back' data on SSRI anti-depressants for children
Guardian newspaper has reported that British manufacturers of the
SSRI antidepressant, Seroxat, that was last year banned for children,
knew in 1998 that it was not effective.
newspaper said that the company deliberately avoided publishing
the full data because of the risk to their lucrative adult market.
This was according to a leaked internal document.
wrote that a position paper dated October 1998 shows that managers
at SmithKline Beecham - now GlaxoSmithKline (GSK) - were concerned
at the commercial implications of two clinical trials in which their
drug Seroxat was given to children and adolescents with major depression.
Alastair Benbow, GSK's head of European clinical psychiatry, was
quoted as saying that the document "draws inappropriate conclusions
and it is inconsistent with the facts".
Medical Journal reported that in the United States scientific
advisers to the Food and Drug Administration urged the agency to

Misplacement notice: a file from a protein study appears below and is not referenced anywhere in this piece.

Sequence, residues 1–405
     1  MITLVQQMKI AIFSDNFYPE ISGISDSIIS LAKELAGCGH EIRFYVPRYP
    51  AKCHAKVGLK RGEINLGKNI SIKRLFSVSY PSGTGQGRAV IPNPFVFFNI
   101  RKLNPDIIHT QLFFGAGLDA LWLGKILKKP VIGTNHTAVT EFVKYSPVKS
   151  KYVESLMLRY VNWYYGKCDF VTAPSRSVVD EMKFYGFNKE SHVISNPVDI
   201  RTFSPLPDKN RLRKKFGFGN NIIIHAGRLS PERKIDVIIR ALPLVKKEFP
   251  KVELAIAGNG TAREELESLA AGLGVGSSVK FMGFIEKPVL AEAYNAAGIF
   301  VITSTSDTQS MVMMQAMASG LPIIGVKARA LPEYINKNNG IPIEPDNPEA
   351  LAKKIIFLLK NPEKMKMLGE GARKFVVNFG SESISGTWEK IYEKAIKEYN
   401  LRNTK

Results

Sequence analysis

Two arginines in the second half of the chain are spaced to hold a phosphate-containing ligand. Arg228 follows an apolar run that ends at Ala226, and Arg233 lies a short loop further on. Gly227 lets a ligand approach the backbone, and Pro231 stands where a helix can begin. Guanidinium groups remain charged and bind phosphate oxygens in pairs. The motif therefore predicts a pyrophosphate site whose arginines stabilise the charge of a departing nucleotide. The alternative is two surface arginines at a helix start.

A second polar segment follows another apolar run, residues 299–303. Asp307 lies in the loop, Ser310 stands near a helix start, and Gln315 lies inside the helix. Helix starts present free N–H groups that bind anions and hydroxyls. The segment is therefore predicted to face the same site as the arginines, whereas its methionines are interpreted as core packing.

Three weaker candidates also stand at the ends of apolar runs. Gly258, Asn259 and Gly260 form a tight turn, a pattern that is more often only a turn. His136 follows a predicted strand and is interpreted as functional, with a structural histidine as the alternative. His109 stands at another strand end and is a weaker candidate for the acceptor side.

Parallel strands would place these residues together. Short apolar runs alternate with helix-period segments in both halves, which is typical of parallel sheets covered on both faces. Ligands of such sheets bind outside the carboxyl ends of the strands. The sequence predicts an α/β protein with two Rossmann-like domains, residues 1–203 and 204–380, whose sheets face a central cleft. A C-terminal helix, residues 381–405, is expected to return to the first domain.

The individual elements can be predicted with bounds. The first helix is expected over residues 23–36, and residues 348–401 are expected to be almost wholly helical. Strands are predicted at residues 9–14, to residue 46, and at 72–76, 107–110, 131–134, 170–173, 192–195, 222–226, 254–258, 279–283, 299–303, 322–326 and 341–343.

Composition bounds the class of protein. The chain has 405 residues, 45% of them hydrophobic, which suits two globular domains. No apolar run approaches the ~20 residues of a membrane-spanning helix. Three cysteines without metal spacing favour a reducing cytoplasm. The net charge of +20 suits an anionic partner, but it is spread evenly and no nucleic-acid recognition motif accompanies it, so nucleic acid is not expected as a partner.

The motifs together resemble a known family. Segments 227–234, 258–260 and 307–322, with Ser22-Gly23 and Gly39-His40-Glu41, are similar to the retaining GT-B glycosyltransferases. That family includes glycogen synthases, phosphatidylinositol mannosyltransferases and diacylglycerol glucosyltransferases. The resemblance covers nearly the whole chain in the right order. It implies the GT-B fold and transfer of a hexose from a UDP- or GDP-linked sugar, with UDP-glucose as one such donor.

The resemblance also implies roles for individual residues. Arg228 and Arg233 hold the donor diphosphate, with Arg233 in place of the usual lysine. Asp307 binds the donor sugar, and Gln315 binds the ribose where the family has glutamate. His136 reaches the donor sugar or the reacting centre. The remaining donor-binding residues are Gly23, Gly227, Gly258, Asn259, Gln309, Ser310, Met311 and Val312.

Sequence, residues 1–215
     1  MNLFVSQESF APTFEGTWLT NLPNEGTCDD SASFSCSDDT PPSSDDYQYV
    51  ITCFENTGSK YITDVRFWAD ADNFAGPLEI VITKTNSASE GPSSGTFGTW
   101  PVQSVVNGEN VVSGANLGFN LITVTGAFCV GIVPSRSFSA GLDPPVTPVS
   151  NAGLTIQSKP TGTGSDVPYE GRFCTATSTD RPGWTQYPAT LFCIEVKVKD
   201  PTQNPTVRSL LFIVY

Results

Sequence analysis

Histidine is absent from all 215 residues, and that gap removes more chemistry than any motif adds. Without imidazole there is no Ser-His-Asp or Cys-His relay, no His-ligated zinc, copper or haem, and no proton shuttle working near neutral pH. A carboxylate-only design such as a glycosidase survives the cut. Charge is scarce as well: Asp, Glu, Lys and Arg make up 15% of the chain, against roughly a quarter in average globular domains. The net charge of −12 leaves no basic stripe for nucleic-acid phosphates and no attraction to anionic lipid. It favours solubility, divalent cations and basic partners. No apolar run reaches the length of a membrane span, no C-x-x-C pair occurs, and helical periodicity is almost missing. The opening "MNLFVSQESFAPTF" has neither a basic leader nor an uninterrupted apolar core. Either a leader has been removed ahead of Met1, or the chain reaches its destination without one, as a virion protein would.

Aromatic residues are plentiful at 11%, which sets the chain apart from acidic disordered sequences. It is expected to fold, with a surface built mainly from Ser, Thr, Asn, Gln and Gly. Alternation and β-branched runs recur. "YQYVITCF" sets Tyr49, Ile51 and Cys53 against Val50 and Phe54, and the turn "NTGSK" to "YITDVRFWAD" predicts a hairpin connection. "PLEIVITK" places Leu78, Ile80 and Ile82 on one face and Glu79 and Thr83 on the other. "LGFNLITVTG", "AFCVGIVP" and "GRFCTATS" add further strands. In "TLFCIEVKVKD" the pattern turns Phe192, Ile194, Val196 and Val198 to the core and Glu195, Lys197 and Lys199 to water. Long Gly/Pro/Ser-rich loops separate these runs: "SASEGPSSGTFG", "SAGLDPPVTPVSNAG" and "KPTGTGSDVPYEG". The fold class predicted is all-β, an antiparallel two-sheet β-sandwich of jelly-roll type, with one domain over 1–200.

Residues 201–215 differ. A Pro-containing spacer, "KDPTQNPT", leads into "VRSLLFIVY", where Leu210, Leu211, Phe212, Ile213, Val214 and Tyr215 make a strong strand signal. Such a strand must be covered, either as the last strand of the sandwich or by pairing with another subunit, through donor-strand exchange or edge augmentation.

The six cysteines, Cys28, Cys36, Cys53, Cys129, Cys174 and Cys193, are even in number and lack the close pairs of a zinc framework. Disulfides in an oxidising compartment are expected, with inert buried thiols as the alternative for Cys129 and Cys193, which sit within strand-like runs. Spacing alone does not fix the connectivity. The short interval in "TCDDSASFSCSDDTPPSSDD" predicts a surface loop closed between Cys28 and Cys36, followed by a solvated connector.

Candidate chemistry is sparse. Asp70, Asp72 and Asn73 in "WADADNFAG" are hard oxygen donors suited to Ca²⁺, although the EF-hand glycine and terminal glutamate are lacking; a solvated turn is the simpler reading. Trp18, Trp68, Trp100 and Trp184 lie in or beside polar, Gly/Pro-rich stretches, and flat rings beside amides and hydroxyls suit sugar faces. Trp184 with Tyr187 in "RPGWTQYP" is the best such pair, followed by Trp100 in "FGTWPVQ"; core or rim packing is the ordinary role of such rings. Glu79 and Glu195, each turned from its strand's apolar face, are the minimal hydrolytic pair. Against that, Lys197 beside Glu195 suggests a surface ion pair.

warn that SSRIs may increase the risk of suicidal thinking or behaviour
among children and teenagers.
reported that experts weighed the official presentations of uncertain
scientific data against powerful emotional testimony from dozens
of families whose children have killed themselves or others after
taking SSRIs a class including fluoxetine (Prozac), sertraline
(Zoloft), and paroxetine (Paxil, Seroxat).
advisers also decided to recommend "stronger warnings"
about the suicide risks.
2002 almost 11 million prescriptions of selective serotonin reuptake
inhibitors were written for people under 18, including more than
five million for sertraline and paroxetineneither of which
are approved for children in the United States.
Medicines and Healthcare products Regulatory Agency's advice on
SSRIs and children sent to psychiatrists and other mental health
14, 2003: Agency rules that SSRIs should not be prescribed for children
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